To examine the main features of the age-related development and dynamics in specific frequency bands, average data were computed (Fig. 4). Sleep cycles were standardized by subdividing QS/NREMS episodes into seven equal time intervals and AS/REMS episodes into three intervals; next, the data were averaged across subjects. Instead of showing the typical alternation of high and low delta activity, one subject (no. 09) exhibited high power in NREMS episodes 1, 4, and 8 at 6 mo and in episodes 1, 4, 6, and 8 at 9 mo. Waking episodes did not exceed 10 min. In view of this aberrant pattern, this subject was excluded from the analyses at 6 and 9 mo shown in Fig. 4 and Fig. 6 (n = 6).
Dynamics of low delta activity. At 2 wk, a uniform picture with high values in QS and low values in AS was seen. From 2 mo onward, an alternating pattern of high-level and low-level delta activity emerged. There was no conspicuous global decline of low delta activity in the course of the night. At 6 mo, the difference in power between consecutive NREMS episodes was largest. At 9 mo, the alternating pattern was restricted to the first four cycles. The values in AS/REMS episodes were invariable at a low level, and no trend was apparent (Fig. 4).
At the beginning of a QS episode, low delta activity showed a steep rise at 2 wk and 2 mo. At later ages the intraepisodic build-up became more gradual. Low delta activity showed a steep decline before the onset of AS/REMS (in particular in episodes with high levels of low delta activity). The first data point in all panels of Fig. 4 does not correspond to sleep onset, since at this age AS/REMS occurred regularly at sleep onset. By definition, cycles started with QS/NREMS; therefore, sleep onset AS/REMS was not included in the first cycle (see methods). As the occurrence of sleep-onset AS/REMS and of interrupted cycles at the beginning of the sleep episode decreased with age, the first data point was advanced.
Dynamics of theta activity. At 2 wk, the time course of theta activity resembled that of low delta activity. At 2 mo, theta activity was highest in the first QS episode and then was at a uniform lower level in the following QS episodes. At 4 mo, a gradual decline of theta activity across NREMS episodes emerged, a trend that was most pronounced at 9 mo. In contrast to low delta activity, theta activity showed a decline across REMS episodes in the early part of the sleep episode.
The decline of theta activity across NREMS episodes at 9 mo is plotted for individual standardized values in Fig. 5. An exponential function (for equation see legend of Fig. 5) was fitted to the data. Its time constant (τ) was 81.3 min (SE 13.2 min), the asymptote (TA∞) 69.2% (4.6%), and the initial value minus the asymptote (TA0) 169.3% (12.1%). The asymptotic r2 of 0.81 indicated a good fit.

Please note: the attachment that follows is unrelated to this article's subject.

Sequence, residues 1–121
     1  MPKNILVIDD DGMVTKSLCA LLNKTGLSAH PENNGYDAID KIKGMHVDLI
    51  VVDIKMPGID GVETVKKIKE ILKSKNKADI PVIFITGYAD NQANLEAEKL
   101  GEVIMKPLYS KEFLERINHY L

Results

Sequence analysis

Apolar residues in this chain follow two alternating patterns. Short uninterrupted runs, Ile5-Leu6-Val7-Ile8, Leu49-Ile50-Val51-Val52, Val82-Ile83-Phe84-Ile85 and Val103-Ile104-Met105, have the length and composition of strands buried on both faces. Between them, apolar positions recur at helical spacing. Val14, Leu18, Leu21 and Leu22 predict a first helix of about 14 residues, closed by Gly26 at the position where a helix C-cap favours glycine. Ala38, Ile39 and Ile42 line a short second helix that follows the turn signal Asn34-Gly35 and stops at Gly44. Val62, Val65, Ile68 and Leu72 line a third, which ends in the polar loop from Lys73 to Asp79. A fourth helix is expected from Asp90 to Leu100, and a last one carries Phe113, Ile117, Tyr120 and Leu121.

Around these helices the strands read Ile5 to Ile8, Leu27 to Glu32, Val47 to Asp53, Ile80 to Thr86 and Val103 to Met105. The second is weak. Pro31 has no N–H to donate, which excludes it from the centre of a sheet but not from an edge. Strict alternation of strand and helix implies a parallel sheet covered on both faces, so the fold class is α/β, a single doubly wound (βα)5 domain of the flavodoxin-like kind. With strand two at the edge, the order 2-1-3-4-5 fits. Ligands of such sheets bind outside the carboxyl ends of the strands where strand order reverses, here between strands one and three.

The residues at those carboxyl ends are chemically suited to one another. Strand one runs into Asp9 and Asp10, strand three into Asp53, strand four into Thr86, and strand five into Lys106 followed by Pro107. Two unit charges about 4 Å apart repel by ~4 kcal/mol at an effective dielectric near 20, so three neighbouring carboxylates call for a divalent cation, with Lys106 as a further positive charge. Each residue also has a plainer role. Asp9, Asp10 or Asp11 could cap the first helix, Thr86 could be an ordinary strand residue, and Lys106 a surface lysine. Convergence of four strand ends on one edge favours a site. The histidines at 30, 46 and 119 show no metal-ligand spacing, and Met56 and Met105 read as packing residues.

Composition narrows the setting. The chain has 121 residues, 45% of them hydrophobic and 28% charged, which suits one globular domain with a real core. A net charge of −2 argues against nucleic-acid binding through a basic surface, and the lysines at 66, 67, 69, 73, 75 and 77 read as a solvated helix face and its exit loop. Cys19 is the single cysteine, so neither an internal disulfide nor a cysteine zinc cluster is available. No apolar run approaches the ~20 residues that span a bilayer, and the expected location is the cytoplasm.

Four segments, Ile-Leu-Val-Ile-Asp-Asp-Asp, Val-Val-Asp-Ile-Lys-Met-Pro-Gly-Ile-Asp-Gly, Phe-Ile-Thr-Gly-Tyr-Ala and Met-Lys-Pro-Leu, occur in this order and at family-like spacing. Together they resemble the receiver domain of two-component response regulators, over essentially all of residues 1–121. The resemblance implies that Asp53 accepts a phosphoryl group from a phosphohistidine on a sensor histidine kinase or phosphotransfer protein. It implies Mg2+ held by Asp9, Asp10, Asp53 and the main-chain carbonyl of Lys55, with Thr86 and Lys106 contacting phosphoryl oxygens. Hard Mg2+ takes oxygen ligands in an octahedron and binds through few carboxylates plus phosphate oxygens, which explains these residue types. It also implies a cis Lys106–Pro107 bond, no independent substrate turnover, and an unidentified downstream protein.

Dynamics of sigma activity. Sigma peak frequency changed with age and sleep cycle. The peak frequency within the sigma band was determined individually for each mean spectrum. The peak frequency increased from 12.6 Hz (SE 0.05) at 2 mo to 13.1 Hz (0.14) at 9 mo (rANOVA factor age, P < 0.05). Individual 1.25-Hz bands in the sigma range were defined around the individual peak frequency (midbin; range of 1.25-Hz sigma bands from 11.5 to 13.5 Hz).
From age 2 mo onward, sigma activity was observed in all QS/NREMS episodes. At 6 mo, when the alternating pattern of low delta activity was most prominent, sigma power showed a parallel, though less pronounced, alternating pattern (Fig. 4). A prominent feature of the intraepisodic time course was the rapid increase at QS/NREMS onset and the sharp decline before AS/REMS onset. The intraepisodic U-shape of sigma activity reported in adults (2, 61) was absent, and there was no increase in the course of the night.
Evolution of EEG Spectra in the First Four Episodes
Figure 6 depicts the evolution of power in the first four episodes of QS/NREMS and AS/REMS. Power in episodes 2 to 4 was expressed relative to the first episode.
At age 2 wk, neither QS nor AS showed significant changes across episodes. Consistent significant variations appeared in QS at 2 mo and in REMS at 4 mo.
The pattern in QS/NREMS (age 2-9 mo) was characterized by a progressive decline of power in the theta and alpha range. This was not the case in the low delta band, where the alternating pattern was reflected by lower values in episode 2 than in episode 3. With advancing age, the frequency delimiting the alternating pattern shifted from 2.7 Hz at 2 mo to 5 Hz at 9 mo. At age 6 and 9 mo, power in the sigma range exhibited an alternating pattern with lower values in episode 2 than in episode 3. However, statistically significant variations in the sigma range occurred only at 6 mo.
In AS/REMS, the significant changes were restricted to a narrower frequency range than in QS/NREMS and encompassed consistently the theta, alpha, and beta range. In this frequency range, a decrease of power occurred from the first to the second AS/REMS episode, whereas beyond the second AS/REMS episode the decreasing trend was less evident. The difference between the first and the following REM episodes was largest at 9 mo.
In this longitudinal study, the sleep of infants was recorded in the home environment at different stages of development within the first postnatal year. This allowed specification of maturational changes of the sleep EEG and its dynamics across the sleep episode.